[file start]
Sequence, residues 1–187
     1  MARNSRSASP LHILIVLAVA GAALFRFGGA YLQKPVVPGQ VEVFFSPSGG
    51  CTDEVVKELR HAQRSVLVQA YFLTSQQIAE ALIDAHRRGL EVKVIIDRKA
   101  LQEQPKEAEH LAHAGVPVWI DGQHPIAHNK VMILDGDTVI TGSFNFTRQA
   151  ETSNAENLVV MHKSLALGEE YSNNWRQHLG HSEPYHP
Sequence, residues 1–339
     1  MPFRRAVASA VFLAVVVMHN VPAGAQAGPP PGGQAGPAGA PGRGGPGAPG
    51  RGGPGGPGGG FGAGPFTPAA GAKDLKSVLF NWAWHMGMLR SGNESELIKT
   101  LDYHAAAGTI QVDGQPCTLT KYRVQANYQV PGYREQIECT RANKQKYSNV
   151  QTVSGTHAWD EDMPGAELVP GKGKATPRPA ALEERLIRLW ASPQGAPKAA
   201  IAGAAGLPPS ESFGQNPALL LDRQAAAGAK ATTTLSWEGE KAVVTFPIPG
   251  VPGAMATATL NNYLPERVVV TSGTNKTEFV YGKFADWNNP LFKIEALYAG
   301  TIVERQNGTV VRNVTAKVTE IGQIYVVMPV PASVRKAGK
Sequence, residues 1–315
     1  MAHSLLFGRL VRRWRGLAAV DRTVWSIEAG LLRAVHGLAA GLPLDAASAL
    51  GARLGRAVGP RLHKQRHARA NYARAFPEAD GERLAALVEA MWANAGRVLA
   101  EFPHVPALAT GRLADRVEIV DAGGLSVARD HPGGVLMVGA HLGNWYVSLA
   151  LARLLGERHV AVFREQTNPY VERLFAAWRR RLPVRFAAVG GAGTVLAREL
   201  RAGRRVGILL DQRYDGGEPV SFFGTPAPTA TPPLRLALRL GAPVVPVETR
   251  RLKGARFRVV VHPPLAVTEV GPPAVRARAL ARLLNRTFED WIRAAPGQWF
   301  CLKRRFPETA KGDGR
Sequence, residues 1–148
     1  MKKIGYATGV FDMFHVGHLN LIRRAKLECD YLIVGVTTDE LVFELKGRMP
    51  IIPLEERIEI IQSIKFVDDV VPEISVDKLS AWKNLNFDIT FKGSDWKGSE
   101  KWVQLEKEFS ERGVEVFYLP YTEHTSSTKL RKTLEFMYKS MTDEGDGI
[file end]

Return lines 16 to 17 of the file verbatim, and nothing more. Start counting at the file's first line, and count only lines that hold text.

    51  GARLGRAVGP RLHKQRHARA NYARAFPEAD GERLAALVEA MWANAGRVLA
   101  EFPHVPALAT GRLADRVEIV DAGGLSVARD HPGGVLMVGA HLGNWYVSLA